Seeking a safe space

Aug 24, 2017

Photo: RoLHR/UNDP

Safe Houses and other designated spaces—such as the ones established by the Government of Nepal and UNDP—are crucial in helping victims of violence recuperate, obtain legal assistance and start to mend their lives

There are few crimes that are as abhorrent and as sickening as that to do with a father who sexually abuses his own children. That, unfortunately, was the reality for two little girls—aged 10 and 13—presently taking shelter at a Safe House in Gulariya in Bardiya, who had discovered, to their horror, that the man vested with the responsibility to look after and protect them was the very one they needed protection against.

The eldest of the two recalls how it all started, promptly after their mother had run away with another man. Once the mother was out of the picture, the father had begun routinely raping the eldest—around 11 then—a nightmare that had endured for two long years. Eventually, the abuse was also extended to the younger daughter. The girls have another sibling, a younger brother, who was thankfully exempt from their father’s monstrous treatment.

As can be expected, it is painful for the children to remember all that happened—they are so traumatized as to be struck by terror even at the mention of their father. And there is no question of their returning home, tainted as it is by the terrible things they suffered in it. The Safe House, then, is the only place where they’ve managed to enjoy a bit of cautious security, and where they have been able to—if for a little while—regain some vestige of their lost childhoods.

“We’re free of mistreatment here. We can play, eat, watch television. We don’t have to be afraid,” the eldest one says. The more time she’s spent here, the more comfortable she’s slowly started to feel in her own skin. She’s also proved a voracious reader. “I’ve asked people to bring me more books.”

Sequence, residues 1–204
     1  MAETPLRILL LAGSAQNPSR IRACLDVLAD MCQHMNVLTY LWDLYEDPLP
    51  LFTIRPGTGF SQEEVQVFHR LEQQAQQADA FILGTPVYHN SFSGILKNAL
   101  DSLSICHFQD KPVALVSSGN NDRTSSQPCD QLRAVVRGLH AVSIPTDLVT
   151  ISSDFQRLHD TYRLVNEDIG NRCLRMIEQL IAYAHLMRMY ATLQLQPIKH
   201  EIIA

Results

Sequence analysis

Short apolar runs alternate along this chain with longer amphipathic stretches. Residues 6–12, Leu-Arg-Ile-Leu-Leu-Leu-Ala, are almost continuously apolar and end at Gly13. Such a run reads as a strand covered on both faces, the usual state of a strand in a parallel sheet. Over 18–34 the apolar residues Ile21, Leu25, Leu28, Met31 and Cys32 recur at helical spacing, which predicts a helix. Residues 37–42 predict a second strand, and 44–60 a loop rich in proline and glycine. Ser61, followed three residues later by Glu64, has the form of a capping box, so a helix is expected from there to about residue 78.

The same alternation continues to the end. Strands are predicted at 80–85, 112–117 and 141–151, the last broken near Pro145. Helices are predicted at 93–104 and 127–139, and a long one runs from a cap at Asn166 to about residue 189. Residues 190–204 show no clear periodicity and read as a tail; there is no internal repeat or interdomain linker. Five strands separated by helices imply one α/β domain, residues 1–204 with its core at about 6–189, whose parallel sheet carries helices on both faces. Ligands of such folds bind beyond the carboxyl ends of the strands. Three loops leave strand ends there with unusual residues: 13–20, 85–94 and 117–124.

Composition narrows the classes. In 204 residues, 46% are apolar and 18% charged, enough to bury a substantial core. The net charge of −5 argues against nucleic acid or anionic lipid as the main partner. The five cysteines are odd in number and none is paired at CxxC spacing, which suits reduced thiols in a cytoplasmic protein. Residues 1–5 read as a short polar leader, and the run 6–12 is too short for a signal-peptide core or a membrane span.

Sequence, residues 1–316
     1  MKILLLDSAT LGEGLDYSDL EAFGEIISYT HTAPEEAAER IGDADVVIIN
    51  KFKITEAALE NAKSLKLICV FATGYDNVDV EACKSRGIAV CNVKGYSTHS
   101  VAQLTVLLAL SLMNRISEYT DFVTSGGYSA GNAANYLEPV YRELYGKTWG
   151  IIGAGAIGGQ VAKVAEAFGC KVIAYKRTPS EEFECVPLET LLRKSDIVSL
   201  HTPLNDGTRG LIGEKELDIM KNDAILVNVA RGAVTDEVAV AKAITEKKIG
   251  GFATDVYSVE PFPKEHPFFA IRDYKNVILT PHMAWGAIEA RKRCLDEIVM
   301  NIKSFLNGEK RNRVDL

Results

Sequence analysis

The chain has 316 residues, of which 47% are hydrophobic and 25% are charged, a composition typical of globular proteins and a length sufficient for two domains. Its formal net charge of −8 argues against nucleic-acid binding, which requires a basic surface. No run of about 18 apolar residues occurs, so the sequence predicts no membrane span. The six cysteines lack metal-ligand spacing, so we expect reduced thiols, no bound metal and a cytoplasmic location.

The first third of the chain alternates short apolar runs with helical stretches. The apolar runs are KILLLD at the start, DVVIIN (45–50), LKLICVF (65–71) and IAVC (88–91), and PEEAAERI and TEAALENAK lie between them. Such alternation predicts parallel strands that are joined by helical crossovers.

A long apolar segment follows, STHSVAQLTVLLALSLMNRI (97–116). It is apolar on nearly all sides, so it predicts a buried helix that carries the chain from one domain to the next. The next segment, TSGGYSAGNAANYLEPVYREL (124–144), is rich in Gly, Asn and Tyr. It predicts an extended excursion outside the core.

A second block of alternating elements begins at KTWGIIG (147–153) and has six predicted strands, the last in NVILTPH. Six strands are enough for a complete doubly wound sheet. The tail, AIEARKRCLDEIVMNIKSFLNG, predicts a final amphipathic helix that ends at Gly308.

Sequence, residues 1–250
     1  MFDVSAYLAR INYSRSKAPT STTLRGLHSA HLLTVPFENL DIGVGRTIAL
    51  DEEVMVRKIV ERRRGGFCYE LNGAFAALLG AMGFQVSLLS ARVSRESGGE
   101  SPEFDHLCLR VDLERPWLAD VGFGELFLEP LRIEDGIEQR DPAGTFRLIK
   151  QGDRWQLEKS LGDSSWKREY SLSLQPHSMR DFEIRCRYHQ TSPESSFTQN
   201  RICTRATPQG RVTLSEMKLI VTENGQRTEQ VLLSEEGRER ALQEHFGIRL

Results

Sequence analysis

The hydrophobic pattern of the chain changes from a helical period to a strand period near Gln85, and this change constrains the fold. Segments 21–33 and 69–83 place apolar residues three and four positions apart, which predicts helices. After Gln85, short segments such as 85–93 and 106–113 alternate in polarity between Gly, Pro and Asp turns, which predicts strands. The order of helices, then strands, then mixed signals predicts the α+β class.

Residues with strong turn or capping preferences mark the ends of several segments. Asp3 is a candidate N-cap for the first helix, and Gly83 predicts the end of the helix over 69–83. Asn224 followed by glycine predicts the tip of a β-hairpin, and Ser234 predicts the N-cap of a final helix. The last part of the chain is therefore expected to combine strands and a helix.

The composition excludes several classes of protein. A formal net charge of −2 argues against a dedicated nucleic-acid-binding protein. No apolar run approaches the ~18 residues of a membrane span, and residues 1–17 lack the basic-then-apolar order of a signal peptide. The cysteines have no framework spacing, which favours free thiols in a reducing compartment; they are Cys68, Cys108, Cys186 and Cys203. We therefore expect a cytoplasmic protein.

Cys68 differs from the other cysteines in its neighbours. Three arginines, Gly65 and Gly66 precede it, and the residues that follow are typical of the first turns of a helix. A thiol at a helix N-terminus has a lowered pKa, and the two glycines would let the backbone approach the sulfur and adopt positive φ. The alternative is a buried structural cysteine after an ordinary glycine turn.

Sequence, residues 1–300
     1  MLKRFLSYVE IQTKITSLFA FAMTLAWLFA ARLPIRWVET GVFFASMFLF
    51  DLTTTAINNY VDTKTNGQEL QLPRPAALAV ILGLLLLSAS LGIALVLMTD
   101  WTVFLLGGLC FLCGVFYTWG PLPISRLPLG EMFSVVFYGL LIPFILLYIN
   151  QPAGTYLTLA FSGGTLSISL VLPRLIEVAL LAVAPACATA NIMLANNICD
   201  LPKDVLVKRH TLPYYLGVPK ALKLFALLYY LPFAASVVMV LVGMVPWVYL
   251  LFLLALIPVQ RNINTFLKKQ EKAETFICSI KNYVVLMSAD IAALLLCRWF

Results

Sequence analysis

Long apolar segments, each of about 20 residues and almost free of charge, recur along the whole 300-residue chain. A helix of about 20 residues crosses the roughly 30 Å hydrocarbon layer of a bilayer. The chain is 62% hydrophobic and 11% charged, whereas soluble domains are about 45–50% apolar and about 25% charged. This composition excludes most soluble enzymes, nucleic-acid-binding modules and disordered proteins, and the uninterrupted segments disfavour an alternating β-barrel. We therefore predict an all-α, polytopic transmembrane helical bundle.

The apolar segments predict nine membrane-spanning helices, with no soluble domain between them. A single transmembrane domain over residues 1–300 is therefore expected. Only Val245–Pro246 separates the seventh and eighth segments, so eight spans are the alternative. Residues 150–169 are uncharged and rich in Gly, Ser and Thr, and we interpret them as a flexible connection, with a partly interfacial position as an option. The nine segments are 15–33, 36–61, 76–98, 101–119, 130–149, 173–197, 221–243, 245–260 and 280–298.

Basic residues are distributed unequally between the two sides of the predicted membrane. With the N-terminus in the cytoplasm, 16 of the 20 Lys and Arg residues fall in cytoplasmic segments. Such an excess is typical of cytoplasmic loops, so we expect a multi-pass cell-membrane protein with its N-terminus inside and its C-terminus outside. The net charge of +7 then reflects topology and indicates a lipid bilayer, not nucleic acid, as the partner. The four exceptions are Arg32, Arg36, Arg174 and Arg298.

With them, the Safe House is also hosting a 15-year-old, who was brought here by mobilizers at the Socio-Legal Aid Center (S-LAC) in Bardiya, after she was raped and impregnated by a young man. The trauma of the assault and the burden of the pregnancy, now in its seventh month, has rendered her weak—both physically and mentally—and she usually sits by herself. Only recently, staff at the Safe House say, has she begun watching a bit of television.

The Chief of the Safe House, Laxmi Mudbhari, says the idea was to create a facility for those who had nowhere to turn to, who were at risk of abuse and violence, even in their own homes. “We provide accommodation for as long as 45 days, and have sleeping and eating arrangements, as well provisions of psychological counseling and treatment where necessary.” Once the 45 days have passed, the patients are sent to rehabilitation or other safe place.

The Safe House is run by the Nepal Government’s Women and Children Office and the Creative Women Development Saving and Credit Cooperative. And when there is need for legal assistance for the residents, or simply to refer victims of rape, assault or any other form of violence who need temporary shelter, S-LACs such as the one in Bardiya—set up by UNDP’s Strengthening the Rule of Law and Human Rights Protection System in Nepal (RoLHR) Programme in several districts across Nepal—play a key role, offering their services for free.

Another similar initiative is the establishment of a “victim-friendly room” in the S-LAC office, which is furnished with minimum furniture, water, and toys and stationery for children. This kind of room has also been set up in the Office of the District Attorney.

“When you have people who are in dire need of legal services, these safe houses and designated spaces for victims can be very useful to give us the needed time and focus to initiate litigation processes on their behalf,” says the Legal Aid Officer at the S-LAC.

So far, around 46 such cases have been filed in courts with the joint efforts of the S-LAC and the Safe House, according to the center. 

With funding from the Embassies of Denmark, Norway and Finland, UNDP’s RoLHR has extended socio-legal aid services through S-LACs in 10 districts across Nepal

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